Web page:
Having looked at the best diy 3D printer kits, let’s now have a look at the plans for building a 3D printer from scratch.
DIY 3D Printer Plans: Key Steps
DIY 3D printer. Image source: Instructables
Building a DIY printer can be a very rewarding experience. In this section, we are outlining the key steps for planning and building a 3D printer yourself.
Step One: Look for the Parts
Once you have decided to build your 3D printer and you have noted the specifications, the first step is to gather the required parts. But you need to know that if you are building using the kits described above, you don’t need to worry as all the required parts are included in the kit. But if you are building it completely from scratch, you need to look for the parts.
The most expensive part of a 3D printer is typically the extruder. It is responsible for melting and pushing out the filament. It can cost anywhere from $100 to $1000 depending on the nature of the 3D printer you are building.
3D Printer Frame
Sample 3d printer frame. Image source: All3dp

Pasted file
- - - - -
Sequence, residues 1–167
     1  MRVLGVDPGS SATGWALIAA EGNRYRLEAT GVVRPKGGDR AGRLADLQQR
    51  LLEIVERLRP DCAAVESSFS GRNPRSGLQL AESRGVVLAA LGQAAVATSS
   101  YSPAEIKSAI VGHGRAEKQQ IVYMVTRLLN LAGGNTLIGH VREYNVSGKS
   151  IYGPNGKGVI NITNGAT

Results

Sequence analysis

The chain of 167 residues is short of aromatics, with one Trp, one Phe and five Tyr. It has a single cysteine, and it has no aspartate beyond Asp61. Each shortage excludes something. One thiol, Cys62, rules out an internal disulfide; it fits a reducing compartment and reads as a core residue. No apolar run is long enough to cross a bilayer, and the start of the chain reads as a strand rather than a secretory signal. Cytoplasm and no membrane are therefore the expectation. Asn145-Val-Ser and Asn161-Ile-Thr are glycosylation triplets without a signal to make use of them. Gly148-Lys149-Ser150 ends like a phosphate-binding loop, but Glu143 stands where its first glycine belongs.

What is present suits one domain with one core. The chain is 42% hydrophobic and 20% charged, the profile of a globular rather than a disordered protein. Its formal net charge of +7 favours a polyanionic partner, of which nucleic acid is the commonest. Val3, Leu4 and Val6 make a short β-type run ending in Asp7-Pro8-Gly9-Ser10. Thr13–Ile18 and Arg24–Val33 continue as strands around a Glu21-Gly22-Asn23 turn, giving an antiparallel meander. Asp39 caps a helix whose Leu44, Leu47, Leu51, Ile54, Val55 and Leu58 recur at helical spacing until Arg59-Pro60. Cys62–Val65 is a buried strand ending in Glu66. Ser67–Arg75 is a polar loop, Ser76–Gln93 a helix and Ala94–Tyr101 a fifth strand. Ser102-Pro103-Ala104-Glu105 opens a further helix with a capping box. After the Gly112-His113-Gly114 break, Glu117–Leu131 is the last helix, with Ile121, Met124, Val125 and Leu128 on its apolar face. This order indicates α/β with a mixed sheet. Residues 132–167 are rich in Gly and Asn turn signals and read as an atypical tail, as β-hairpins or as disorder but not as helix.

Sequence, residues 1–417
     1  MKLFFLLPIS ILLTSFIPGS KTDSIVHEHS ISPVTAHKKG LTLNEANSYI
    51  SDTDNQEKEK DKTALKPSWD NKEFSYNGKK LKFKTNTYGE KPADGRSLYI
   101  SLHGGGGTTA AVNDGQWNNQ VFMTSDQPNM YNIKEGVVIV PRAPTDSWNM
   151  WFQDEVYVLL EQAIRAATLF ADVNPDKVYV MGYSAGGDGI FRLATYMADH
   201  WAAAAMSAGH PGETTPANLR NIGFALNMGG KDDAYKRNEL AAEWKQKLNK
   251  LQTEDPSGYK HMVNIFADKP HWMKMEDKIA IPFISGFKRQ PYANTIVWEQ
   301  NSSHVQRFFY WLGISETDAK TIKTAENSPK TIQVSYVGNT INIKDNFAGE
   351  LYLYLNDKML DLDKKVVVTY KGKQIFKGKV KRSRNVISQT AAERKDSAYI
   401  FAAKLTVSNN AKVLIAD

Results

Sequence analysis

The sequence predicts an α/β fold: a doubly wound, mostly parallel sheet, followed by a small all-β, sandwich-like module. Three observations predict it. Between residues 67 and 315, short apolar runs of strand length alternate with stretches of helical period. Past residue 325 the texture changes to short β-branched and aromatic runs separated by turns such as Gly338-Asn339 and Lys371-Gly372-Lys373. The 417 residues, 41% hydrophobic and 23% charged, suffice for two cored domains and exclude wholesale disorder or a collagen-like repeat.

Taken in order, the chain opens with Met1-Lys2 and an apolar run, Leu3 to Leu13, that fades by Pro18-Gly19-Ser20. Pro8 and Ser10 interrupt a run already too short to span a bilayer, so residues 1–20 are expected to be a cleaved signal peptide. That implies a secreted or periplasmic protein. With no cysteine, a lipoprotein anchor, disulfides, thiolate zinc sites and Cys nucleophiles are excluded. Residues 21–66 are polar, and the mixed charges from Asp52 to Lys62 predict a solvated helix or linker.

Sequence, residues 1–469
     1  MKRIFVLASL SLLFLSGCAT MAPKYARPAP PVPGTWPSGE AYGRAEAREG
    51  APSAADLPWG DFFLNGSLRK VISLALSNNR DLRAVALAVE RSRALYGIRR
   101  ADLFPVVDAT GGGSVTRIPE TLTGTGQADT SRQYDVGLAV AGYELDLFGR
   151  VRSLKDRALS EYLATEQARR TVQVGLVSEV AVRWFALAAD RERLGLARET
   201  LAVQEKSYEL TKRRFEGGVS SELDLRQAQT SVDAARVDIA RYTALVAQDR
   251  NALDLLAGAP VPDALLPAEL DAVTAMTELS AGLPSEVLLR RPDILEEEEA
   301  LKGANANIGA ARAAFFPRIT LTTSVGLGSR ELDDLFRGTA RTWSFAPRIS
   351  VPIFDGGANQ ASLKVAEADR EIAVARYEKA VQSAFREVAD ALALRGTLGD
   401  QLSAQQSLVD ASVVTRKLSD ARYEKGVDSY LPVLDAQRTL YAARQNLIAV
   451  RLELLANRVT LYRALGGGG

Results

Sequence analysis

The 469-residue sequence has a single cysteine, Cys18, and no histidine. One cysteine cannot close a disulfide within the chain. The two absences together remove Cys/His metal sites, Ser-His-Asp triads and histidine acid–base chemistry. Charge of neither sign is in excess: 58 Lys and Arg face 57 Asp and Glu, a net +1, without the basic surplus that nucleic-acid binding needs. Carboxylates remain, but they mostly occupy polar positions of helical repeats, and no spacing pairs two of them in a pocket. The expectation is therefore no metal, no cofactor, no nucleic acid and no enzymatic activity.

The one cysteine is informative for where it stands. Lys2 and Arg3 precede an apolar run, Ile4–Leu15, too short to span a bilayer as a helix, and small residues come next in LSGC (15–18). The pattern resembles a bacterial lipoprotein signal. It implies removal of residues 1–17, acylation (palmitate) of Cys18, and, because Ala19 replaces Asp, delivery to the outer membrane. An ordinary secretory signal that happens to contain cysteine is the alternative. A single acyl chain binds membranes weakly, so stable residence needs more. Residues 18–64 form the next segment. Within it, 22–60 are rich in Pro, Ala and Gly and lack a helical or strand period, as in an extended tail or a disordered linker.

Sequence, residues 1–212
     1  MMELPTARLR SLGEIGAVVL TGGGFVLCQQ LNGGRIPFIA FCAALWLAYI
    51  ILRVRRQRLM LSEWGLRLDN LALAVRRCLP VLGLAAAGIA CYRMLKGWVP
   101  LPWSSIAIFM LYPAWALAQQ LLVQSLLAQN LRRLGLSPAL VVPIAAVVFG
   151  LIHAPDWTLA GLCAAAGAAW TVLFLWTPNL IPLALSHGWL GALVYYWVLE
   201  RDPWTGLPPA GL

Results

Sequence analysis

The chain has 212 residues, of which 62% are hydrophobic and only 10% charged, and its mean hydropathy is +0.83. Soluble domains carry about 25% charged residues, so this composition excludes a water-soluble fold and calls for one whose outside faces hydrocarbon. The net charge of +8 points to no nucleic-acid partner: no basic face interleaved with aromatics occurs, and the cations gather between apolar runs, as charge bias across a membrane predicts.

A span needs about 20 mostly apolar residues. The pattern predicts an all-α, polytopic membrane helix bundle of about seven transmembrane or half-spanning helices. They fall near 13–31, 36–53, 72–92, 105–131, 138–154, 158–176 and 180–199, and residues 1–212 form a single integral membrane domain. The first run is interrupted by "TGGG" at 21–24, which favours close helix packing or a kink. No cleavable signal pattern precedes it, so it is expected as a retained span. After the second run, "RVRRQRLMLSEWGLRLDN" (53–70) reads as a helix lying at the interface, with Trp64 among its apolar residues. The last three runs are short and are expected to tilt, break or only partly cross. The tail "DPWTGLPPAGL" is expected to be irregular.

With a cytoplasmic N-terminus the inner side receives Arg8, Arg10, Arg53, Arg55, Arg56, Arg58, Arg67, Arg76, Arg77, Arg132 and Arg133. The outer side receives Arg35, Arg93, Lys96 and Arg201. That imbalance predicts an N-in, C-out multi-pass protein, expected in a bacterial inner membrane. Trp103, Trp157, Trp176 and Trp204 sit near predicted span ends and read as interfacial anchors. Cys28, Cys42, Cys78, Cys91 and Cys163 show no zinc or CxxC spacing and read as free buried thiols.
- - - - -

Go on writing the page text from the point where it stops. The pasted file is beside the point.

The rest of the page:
This can be made from aluminum extrusion, wood, or acrylic. The price will range from $50 to $200.
3D printer Stepper motor. Image source:Tomostudio.com
These drive the movement of the print head and bed. Prices start at around $10 per motor.
3D printer bed illustration. Image source:3dprintforums.com
This is the surface that the object is printed on. Prices start at around $50.
3d printer electronics. Image source:Pibot.com
This includes the controller board, power supply, screws, LCD Screen, and cables. Prices start at around $200
This includes the controller board, LCD Screen, power supply, screws, and cables. Prices start at around $200
3D printer filament. Image source: 3dnatives